Perhaps we need to discuss WHICH Mithras is being referred to and how it/they came to be associated with Christ. (all bolded emphasis are mine)
"The name "Mithras" has deep roots in Western Civilization. It's listed among a catalogue of gods whom the Indo-Iranians worshiped, the
Indo-European group that settled the Iranian plateau east of Mesopotamia around 2000 BCE. "Mithras" appears again over a millennium later as the
appellation of a secondary Zoroastrian deity in Darius' day. Finally, this name is also attached to a god whose cult thrived in the Roman world
beginning around the time of Christ and for centuries after.
"The connection linking all these different Mithrases, seen in places so distant
from each other and across gaps of so many years, is hard to reconstruct. All the same, the name by itself suggests some sort of affinity.
Nor is the evidence for any of these Mithrases bountiful or easy to interpret. The first two are all but impossible to see historically
former existed in very remote times and a place from which few historical records survive, and the second was not the principal deity of the religion
to which he belonged. Though hidden behind the veil of a mystery cult, the last is the best attested
, since this god rose to prominence during
the final days of the Roman Republic, the well-documented first century BCE. As the only "Mithras" whose history we have any real chance of
uncovering, he has been the focus of attention among scholars.
Ancient chronicles tell us that a god with the name of Mithras was imported into Rome around 60 BCE
through contact between the pirates who
lived in the seas around Asia Minor and the soldiers of the Roman general Pompey who'd been sent to exterminate them for disrupting trade in the
region. After that, the cult spread quickly and widely among Roman men, primarily soldiers and merchants—there are very few aristocrats recorded as
devotees of Mithras—and as far as we know, no women of any class were ever admitted to these rites.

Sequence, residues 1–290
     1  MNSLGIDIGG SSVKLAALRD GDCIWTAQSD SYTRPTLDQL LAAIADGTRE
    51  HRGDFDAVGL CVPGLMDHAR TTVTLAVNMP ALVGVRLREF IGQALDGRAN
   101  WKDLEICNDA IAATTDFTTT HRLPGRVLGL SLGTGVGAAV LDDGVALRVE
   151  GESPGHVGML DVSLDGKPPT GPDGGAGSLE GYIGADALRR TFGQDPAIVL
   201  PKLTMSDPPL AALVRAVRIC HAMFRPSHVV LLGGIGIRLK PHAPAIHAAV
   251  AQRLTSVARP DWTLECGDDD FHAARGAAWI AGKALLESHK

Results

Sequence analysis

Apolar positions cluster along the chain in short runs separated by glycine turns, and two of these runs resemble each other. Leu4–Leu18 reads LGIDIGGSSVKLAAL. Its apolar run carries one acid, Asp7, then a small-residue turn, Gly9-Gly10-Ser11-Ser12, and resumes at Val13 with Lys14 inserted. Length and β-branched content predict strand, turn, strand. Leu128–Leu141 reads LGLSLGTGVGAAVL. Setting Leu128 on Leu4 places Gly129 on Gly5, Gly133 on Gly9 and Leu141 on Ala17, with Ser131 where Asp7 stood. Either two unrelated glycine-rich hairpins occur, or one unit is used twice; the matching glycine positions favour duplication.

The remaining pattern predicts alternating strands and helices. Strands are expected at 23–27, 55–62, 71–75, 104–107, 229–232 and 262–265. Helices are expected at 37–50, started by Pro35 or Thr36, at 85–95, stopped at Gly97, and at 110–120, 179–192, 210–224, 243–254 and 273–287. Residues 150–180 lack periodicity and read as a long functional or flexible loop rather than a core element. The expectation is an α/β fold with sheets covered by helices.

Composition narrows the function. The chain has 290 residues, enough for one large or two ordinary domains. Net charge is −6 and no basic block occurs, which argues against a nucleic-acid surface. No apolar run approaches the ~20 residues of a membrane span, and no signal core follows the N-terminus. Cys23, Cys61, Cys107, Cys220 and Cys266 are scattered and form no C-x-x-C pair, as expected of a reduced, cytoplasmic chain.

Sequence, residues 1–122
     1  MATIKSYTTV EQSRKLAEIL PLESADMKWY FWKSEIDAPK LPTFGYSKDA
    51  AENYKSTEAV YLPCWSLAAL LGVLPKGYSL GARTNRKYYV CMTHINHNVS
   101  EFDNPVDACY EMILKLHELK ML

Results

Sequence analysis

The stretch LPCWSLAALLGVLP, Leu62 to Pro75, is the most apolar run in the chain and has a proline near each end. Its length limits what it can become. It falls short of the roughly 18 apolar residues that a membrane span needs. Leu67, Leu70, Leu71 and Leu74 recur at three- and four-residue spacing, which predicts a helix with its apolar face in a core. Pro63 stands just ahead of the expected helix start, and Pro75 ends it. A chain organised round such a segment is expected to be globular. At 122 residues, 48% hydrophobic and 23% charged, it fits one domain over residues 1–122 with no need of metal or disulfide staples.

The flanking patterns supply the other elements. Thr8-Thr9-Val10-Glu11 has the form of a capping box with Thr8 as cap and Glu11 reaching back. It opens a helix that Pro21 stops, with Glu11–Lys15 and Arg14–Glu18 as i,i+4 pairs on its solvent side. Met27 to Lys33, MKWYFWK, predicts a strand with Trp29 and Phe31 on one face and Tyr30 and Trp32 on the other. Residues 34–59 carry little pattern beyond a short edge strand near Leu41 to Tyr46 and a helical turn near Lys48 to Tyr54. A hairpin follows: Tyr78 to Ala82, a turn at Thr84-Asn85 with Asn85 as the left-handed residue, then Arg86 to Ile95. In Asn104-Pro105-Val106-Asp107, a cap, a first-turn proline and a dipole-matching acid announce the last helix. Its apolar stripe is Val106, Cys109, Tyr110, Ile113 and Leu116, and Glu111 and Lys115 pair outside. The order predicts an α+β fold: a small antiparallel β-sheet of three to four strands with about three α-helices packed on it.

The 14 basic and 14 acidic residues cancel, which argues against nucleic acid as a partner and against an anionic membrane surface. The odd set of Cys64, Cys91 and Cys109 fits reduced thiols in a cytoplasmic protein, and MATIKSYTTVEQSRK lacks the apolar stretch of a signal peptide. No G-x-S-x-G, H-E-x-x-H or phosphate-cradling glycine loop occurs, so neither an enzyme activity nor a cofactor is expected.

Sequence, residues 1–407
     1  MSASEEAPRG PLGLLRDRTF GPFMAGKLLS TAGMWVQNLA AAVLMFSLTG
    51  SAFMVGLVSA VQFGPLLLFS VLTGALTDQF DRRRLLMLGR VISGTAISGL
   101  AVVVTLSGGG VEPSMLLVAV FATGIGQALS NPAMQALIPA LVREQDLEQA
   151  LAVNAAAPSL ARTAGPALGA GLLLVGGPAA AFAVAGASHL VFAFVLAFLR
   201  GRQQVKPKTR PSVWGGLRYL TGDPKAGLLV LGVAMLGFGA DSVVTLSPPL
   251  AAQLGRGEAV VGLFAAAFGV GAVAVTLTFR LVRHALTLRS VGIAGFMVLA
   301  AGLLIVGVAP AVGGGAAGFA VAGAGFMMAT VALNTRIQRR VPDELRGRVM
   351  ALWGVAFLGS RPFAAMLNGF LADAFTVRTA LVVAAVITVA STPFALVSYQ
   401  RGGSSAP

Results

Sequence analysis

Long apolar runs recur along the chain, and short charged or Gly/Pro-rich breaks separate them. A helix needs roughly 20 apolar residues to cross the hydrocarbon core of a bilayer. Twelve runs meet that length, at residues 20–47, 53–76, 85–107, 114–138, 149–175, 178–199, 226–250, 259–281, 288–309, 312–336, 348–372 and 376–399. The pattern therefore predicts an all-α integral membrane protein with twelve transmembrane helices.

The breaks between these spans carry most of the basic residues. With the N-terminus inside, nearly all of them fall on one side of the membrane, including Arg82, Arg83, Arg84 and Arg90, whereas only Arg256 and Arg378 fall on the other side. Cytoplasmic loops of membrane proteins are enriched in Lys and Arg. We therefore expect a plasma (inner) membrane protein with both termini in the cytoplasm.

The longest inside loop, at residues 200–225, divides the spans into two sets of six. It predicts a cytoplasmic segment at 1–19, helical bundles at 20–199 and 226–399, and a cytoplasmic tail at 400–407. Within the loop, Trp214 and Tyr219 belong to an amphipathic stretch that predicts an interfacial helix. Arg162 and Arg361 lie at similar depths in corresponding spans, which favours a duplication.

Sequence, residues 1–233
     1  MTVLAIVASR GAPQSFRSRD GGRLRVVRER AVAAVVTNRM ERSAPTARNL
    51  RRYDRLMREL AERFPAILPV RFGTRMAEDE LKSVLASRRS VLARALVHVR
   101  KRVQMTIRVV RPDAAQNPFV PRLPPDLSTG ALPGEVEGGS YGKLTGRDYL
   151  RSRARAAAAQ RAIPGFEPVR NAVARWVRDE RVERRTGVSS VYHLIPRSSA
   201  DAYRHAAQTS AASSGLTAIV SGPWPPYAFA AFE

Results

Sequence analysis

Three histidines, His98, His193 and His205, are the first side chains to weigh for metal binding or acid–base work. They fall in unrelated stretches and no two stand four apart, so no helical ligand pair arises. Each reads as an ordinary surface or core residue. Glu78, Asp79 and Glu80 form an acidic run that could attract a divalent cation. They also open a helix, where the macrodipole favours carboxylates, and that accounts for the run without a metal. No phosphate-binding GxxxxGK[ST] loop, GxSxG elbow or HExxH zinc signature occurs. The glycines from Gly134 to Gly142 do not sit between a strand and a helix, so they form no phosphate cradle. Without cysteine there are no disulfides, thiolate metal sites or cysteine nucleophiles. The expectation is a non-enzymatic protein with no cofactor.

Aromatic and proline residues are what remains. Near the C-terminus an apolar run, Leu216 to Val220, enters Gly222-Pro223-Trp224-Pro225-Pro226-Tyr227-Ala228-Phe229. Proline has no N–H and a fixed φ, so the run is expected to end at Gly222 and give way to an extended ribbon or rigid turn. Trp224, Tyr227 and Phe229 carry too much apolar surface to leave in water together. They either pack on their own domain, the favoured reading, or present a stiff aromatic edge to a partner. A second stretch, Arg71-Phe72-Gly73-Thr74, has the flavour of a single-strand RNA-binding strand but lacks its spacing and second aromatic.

Because it was a mystery cult, our understanding of Mithraic religion is limited to archaeological evidence for the most part, though, fortunately for
us, quite a bit has been recovered. Over four hundred Mithraea (singular, Mithraeum), the temples in which the rites of Mithras were celebrated, have
been found, mainly in two places: around Rome and its port city Ostia, and along the northern frontiers of the Roman Empire formed by the Rhine and
Danube Rivers. This geography ties in well with the no-women, no-nobles feature of Mithras worship attested elsewhere, because the city of Rome and
the frontiers of the Empire were places where working-class Roman men lived in sizeable numbers.
Besides that, virtually all Mithraea share certain features. To us today, these are important clues about the rituals once performed there, the
password perhaps that lets us in on the secrets revealed to initiates of the cult. For instance, all these "caves"—"caves" is how Mithras
worshipers referred to their holy sites; the term "Mithraeum" is a modern invention—are long, narrow, underground chambers outfitted with benches,
an altar and enough room to lay out a meal.
From this, it's safe to suppose initiates feasted on a ritual dinner of some sort. This holy supper is depicted in Mithraic art, though the
significance of the banquet is unclear. We know something about the initiation ceremony, however, for instance, that it involved baptism in blood,
probably bull's blood, because bulls play an important role elsewhere in the religion.
Virtually every Mithraeum uncovered so far contains a representation—it can be a painting, a relief or a statue—of Mithras slaying a bull. Called
the tauroctony (in Greek, "bull-slaughter"), this ritual image is remarkably consistent wherever and whenever this religion was practiced. Mithras
is always depicted above the bull, sometimes kneeling on the bull's back, reaching down with a dagger and stabbing it in the flank. The bull's blood